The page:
So, you’ve decided to move your whole world to Belgium? Congratulations, great choice, welcome! With that decision made, you just need to take care of the little details. Things like moving your belongings or finding a school for the little one(s)… Oh, and, of course, renting or buying a new home.
So, which should you do? What will it cost? What’s involved? We’re glad you asked! Let’s start by taking a look at some facts and figures of having a home in Belgium.
'Belgium is a surprisingly inexpensive place to have a home. Rent is an average of 31% cheaper than in The Netherlands, or about 35% cheaper than the USA.'
What does it cost to buy or rent in Belgium?
Belgium is surprisingly inexpensive place to have a home. In fact, Belgians spend an average of only 18% of their disposable income on accommodation though this is more like 30% for professionals moving to the larger cities.
It is especially cheap when compared to other parts of Europe. For example, rent is an average of 31% cheaper than in The Netherlands or, if you’re from further afield, about 35% cheaper than in the US.
This translates to a one-bedroom apartment coming in at an average monthly rent of €820 per month or €1,240 for a three-bedroom. Though this does jump to €1,100 and €2,000 respectively for Brussels, for example.
That said, price differences can vary hugely between cities, communities, and even neighbourhoods, so be sure to do your research before finalising your budget.
If buying is more your thing, the average Belgian apartment costs just over €3,500 per square metre in the city centre or €2,850 outside. And, before you ask, the average interest rate for a 20-year fixed rate mortgage is 3.27% at the time of writing. That makes owning your own place surprisingly achievable, even within the bigger cities.
Thanks to Numbeo, for the information. If you’d like to read the latest data (the above is from November 2023), you can check out their site here.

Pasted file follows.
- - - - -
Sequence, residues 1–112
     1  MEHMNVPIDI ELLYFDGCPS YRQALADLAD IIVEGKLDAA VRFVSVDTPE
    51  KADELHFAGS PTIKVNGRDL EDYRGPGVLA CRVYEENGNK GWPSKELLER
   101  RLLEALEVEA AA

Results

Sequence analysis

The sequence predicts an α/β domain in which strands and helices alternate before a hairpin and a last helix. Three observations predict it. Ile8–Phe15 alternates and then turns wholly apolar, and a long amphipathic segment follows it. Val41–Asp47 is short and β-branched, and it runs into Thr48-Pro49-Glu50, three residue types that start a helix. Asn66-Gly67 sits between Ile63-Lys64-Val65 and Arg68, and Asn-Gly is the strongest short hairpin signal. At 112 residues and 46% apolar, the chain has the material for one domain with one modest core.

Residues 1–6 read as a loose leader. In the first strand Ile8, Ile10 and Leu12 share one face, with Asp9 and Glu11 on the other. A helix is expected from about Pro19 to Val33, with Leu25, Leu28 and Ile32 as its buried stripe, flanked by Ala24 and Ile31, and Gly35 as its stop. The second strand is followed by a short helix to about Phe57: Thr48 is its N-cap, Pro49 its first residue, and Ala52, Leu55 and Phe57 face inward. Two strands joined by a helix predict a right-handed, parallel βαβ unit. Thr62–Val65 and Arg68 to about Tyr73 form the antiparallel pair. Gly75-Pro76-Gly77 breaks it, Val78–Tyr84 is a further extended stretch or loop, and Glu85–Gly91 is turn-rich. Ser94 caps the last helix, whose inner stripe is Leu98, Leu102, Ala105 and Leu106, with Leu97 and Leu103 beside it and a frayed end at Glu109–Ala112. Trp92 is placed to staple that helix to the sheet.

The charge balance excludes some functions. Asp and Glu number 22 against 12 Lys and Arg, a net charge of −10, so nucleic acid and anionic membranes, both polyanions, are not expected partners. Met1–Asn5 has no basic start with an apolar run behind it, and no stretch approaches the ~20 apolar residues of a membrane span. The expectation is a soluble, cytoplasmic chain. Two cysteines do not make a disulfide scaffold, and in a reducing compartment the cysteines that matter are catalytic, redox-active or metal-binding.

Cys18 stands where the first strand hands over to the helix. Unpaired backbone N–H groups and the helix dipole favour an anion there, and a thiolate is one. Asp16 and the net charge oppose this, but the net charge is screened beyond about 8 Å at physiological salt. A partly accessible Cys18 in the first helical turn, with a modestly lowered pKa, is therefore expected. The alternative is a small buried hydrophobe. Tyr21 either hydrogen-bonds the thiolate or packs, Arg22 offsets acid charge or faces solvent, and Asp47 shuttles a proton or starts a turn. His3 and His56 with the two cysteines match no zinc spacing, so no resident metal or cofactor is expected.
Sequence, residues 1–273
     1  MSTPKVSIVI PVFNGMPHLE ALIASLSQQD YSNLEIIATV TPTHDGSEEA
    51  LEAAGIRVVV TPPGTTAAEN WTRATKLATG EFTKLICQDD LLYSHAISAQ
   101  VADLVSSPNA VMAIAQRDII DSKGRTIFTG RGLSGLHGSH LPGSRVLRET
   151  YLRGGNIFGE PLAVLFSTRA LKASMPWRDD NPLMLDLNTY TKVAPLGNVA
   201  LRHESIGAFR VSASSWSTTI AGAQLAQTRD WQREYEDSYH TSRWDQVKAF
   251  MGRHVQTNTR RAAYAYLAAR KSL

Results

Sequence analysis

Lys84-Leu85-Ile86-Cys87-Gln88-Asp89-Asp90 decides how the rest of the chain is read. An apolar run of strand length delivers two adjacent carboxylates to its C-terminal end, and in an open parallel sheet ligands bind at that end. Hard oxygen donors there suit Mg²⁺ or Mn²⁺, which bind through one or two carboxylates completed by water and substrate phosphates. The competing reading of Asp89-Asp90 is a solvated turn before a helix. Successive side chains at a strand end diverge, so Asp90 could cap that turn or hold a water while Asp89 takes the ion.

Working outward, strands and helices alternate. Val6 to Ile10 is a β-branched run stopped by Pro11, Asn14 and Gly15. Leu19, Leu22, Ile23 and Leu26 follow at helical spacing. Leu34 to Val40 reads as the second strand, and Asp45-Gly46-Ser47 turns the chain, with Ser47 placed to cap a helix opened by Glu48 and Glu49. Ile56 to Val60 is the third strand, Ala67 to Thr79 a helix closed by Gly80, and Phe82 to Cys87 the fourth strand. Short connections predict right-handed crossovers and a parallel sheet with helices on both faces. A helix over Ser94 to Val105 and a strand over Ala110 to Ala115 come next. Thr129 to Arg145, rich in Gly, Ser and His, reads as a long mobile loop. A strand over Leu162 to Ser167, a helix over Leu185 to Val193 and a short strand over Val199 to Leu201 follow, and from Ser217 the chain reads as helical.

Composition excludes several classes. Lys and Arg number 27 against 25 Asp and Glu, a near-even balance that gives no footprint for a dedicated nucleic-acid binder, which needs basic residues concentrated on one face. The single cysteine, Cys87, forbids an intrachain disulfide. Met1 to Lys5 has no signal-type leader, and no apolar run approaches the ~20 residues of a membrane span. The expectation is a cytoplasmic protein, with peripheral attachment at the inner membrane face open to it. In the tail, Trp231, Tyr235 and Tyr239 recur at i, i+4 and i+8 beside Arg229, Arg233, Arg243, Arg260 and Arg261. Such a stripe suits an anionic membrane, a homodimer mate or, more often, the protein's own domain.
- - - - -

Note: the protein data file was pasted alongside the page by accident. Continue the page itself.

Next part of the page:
As with every country, there are nuances to renting or buying a home in Belgium. Let’s dive in and look at what you can expect, what you need and who can help.
Renting an apartment or house in Belgium
If you’re on a short-term contract or want to get to know the country before buying, then renting is a great way to find your feet. Around 28.7% of the population choose rental accommodation.
Most rental terms in Belgium are around three years, however, short-term options can readily be found in the larger cities. A common short-term choice is serviced apartments which often cater to the expat and contract work community specifically.
One reason for the number of people choosing rental properties over ownership is the level of legally protected rights renters get in Belgium. If you choose to rent, you will have greater freedom to redecorate or improve the property than many others in the EU. Additionally, rental agreements are designed to make it hard for the landlord to evict the tenant, giving a greater level of protection and security for renters.
Once you’ve found your dream place, you’ll need several documents to be eligible to rent, these include:
- A copy of your passport.
- Proof of earnings, such as a recent bank or savings statements.
- If you’re a non-EU/EEA resident, you will also need proof of employment or long-stay (category D) visa.